Negative Pressure Ventilation

Posted by Ventry Solutions, Inc. on

When should negative pressure ventilation be used?

Ventry® Fans are not exhaust fans. Exhaust fans or smoke ejection fans use negative pressure to remove smoke from a structure during firefighting efforts. Ventry Fans are designed for positive pressure ventilation (PPV) and attack (PPA). Positive pressure is simply more effective than negative pressure for aggressive, coordinated attack. This can be easily observed: Stand in front of a fan and you will notice lots of air flow; stand on the other side and there is very little air flow.

Using a smoke ejector to ventilate a structure is like fighting a fire using buckets of water. It was done in the past, but there are much more effective methods now.

The same observation is apparent at a structure fire by observing how fast positive pressure pushes smoke and heat out versus how long it takes using negative pressure (sucking air through the fan and ejecting it outside).

On attack: Unlike negative pressure and vertical ventilation, PPV can be accomplished without entering the structure, requires fewer people, and takes much less time to implement. PPV does not damage your fan by sucking hot and flammable gases through the engine, as can be the case with negative pressure ventilation.

“I’ve never seen a firefighter fall through a flowerbed.” ~ Chief Kriss Garcia, during his FDIC 2016 class on Positive Pressure Attack (PPA).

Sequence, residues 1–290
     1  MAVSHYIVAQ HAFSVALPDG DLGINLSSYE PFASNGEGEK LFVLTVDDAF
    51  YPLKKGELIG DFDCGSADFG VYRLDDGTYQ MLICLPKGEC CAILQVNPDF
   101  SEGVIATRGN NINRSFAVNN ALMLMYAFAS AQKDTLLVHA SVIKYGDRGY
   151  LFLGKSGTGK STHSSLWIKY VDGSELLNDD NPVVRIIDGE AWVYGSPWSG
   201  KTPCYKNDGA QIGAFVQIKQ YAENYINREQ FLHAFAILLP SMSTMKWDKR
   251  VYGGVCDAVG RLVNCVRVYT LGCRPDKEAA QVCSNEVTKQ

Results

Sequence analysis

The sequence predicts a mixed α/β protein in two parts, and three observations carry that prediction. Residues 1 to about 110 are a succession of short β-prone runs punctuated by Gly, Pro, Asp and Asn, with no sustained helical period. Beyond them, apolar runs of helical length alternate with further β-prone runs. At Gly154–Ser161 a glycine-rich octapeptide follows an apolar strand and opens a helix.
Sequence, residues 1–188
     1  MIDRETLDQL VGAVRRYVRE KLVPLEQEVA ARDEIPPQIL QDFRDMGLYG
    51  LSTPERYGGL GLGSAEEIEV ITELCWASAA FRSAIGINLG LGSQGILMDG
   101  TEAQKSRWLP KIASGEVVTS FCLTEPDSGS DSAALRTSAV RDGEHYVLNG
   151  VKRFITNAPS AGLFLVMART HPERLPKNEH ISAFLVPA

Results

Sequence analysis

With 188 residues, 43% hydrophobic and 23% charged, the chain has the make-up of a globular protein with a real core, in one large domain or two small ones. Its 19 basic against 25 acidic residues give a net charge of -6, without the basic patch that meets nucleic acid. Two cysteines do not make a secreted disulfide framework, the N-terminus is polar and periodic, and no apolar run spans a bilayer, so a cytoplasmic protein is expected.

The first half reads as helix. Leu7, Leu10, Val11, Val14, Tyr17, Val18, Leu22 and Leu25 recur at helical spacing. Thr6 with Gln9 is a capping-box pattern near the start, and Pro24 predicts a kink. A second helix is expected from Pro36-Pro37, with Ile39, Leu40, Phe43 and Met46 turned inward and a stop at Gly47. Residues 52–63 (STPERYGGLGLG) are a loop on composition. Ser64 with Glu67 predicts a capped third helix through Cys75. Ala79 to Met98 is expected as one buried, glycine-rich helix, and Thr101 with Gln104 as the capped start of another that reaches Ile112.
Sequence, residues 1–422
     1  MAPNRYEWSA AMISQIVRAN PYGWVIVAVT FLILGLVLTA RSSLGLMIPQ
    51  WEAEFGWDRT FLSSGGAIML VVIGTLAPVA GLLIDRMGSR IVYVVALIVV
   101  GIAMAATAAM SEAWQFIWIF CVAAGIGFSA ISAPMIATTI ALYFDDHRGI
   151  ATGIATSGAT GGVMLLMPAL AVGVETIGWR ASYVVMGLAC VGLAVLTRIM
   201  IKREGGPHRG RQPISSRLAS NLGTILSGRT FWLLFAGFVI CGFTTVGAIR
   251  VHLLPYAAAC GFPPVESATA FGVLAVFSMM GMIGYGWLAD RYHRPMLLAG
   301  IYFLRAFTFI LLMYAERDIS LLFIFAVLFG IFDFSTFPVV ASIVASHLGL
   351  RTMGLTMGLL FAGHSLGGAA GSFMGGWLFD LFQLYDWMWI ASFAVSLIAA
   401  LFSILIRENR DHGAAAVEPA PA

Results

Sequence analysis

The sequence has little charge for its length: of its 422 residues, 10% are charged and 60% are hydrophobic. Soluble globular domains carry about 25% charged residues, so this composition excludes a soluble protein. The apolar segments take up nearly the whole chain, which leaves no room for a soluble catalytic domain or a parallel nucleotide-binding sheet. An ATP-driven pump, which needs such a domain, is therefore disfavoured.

Vertical ventilation requires a team on the roof of a burning building; that takes lots of time and manpower plus the roof of a burning building is an extremely dangerous location.

Although negative pressure ventilation can be accomplished from outside a building, in practice it is usually set up from inside, which again puts the ventilation crew at risk.

One instance where we do advocate using a Ventry PPV Fan for negative ventilation: Negative pressure ventilation can be a useful technique during cleanup and overhaul, once the smoke is gone, to replace fouled air inside the structure with 100% clean air. Set the fan inside the room, aiming out the exit door. As long as you are not pulling smoke through the fan—which would damage the fan engine—it can effectively move bad air out and pull fresh air in. This technique can negate the need to buy an electric fan.

A PPV fan can be used indoors to blow bad air out, in rare situations.

Under certain conditions, a PPV fan can be used indoors to blow bad air out.


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